Thoughts on order, chaos, and contemplative inquiry
And yet, I am also a 'feeler'. My senses are acute. My capacity for pleasure is boundless. I am conscious of things most people find beneath notice. Unless I am thinking deeply, I am aware, both physically and mentally, of every moment. My physical sensitivity to my environment, combined with a talent for systematizing, creates conflict and opportunity. I am (almost) always analyzing the output of my sensory array (the body), sifting, sorting, ranking, keeping the bewilderment of sensory bombardment at bay.
In my need to create order from chaos I am extremely aware that I use symbols (words) to describe my experience of life, and that the words I choose have nuances for others that are not present for me. The best example, I suppose, is that when I use 'sensual', people hear 'sexual'. And when I use words to describe my experiences, I am conscious that words are symbols ascribed to meanings, and that the world is so saturated with the meanings given to it that those meanings seem to reside in the things, people, and places themselves. I habitually assume that the world presented to me via my senses exists just as it appears to me. But that is preposterous, because what I sense is filtered through the unconscious mind. How I experience reality is coloured by the attitudes, conditioning, and habits of my emotional/psychological self long before it reaches the rational higher mind. In other words, the unconscious is tossing out the undesired variables so that the higher mind can do what it does best: create order out of chaos.
One of the benefits of meditation is that it brings me to the level of the unconscious, making me aware of all that 'white noise' it filters out for me. Breathing becomes something miraculous, really. I can feel my clothing touching my skin, my hair tickling my neck. I can hear the click of the freezer, the hum of the neighbor's TV, the sound of the river flowing by. The details of the moment flow one into the next and I am aware of the interconnectedness of things. My sense of myself deepens as well. I become conscious of my self-isolation, my insistence that I am this or that, my attachment to the idea of a fixed, 'core' self. As I breathe, as I 'listen' with all my senses to my body, to my environment, to my mind, it becomes oh so obvious that each moment is created out of the moment that preceeded it, and that I create myself in response to and interaction with my experiences, moment to moment. And it becomes oh so obivious that my responses are often conditioned by habit, by training, by the systems I have created, so that in my daily life, I am not really living today, I am experiencing a slight reconfiguration of the past.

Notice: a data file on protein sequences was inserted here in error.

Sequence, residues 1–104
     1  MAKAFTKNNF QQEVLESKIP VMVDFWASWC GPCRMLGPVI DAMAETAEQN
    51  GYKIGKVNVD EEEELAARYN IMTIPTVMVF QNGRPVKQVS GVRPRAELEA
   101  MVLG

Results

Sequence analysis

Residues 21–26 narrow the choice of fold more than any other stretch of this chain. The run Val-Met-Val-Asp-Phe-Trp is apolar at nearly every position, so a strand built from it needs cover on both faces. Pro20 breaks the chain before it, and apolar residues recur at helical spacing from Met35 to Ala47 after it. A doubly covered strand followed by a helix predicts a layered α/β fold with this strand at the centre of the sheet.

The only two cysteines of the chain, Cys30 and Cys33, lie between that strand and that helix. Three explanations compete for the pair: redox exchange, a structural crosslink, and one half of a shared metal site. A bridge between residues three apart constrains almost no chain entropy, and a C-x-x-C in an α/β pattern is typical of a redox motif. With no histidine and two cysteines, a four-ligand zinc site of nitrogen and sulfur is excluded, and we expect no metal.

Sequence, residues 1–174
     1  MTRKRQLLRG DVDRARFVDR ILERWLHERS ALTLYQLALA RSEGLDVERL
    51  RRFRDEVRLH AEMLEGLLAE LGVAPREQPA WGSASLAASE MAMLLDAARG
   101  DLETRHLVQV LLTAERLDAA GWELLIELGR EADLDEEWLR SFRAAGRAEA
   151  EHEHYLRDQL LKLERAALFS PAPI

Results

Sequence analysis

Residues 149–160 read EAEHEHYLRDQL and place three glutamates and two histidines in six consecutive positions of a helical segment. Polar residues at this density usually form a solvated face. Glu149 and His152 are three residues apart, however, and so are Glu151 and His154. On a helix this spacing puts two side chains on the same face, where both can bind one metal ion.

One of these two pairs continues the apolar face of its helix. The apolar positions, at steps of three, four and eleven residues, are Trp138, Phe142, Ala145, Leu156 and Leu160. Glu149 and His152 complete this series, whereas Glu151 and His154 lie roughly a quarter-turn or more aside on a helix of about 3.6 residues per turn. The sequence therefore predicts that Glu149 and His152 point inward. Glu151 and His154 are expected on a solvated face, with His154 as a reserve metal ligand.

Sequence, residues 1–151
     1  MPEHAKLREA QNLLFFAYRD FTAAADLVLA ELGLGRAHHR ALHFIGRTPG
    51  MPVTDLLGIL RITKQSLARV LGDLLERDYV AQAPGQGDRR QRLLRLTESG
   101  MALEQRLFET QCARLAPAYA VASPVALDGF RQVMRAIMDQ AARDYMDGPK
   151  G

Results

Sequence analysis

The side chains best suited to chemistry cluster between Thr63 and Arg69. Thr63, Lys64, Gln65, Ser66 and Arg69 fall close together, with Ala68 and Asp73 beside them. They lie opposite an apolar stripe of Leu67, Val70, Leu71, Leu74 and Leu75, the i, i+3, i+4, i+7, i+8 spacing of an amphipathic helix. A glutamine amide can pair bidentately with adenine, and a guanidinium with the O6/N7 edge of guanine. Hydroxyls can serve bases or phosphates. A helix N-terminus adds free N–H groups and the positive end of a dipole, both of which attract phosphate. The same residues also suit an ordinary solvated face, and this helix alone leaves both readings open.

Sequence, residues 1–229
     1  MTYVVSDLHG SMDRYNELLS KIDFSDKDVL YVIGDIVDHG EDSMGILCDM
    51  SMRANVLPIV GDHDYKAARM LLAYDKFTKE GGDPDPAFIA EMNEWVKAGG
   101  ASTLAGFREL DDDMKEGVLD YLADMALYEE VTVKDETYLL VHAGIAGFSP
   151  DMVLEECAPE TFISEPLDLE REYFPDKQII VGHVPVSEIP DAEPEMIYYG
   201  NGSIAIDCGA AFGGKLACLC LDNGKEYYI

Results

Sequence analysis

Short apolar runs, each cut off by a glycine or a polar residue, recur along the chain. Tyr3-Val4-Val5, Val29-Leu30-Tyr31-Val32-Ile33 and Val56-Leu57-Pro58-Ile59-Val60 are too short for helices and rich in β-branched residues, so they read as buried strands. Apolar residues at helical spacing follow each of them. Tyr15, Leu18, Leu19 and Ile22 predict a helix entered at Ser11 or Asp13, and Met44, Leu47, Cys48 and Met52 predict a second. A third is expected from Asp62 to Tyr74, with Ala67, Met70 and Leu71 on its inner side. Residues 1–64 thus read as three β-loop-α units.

Which is very comfortable and convenient, even predictable. It is much easier to think of conditions and consequences as 'things' with their own intrinsic (and manipulatable) identities, rather than as processes with no independent reality of their own. The reality is that no matter how much I want to make things singular, straightforward, absolute, and ordered, life is a matrix, a complex flow of interconnected processes. It is fractal, ambiguous, fluid, dynamic, imminent, transient, intertwined, unpredictable, and immediate. And I have choices as to how I respond to this reality. I can respond with fear, with the desire to create a mental map based upon past experiences that I can use as an overlay for present and future contingencies, thus shaping my perceived reality to suit an increasingly brittle, inflexible, habit-bound self which feels less and less comfortable with change.
Thus, the kind of 'order' that we humans create engenders tension. While it is natural to our ego, it is unnatural to our self. The ego is the 'I', the false-core, the part of us that denies change, denies unpredictability and impermanance. The ego clings to habitual behaviours and routines as a means to secure a sense of 'self', of wo we are, distinct from others; whereas the true self is comfortable developing the integrity of our identities aswirl in the transient, ambiguous, continually transforming world, knowing our selves as integral parts of a dynamic, inter-related whole, and thus free to create our reactions and ourselves moment to moment, letting reality teach us, instead of shaping our perceptions of it to fit inside our nice and tidy psychological boxes.
And the tension is more obvious to those of us who rise to challenge unconscious self-absorbtion with contemplative inquiry. We can continually question the assumption of the immutable 'I' at the core of our experiences. We can compassionately query ourselves about the validity of the emotionally charged notions we have of others. We can objectively observe our reactions to people and situations, examining the appropriateness of our responses to determine if we reacted to what actually occurred, or if we acted habitually, out of our preconceptions. And we can undermine the order of things with the responsive echos to these questions. Once we have gone to all the effort to put something in order, the last thing we want is for something to change. And so it is that even the seekers and the askers find themselves fighting against the habitual resistance to change.
In sum, order is not the enemy. The universe has its order. But neither is chaos something to be reviled. It is causal and creative; it provides opportunities for growth and spontanaeity that would otherwise be denied. There is always a tug between the two, between order and chaos, and tension in the minds of humans who want nothing more than to abolish the one in favor of the other.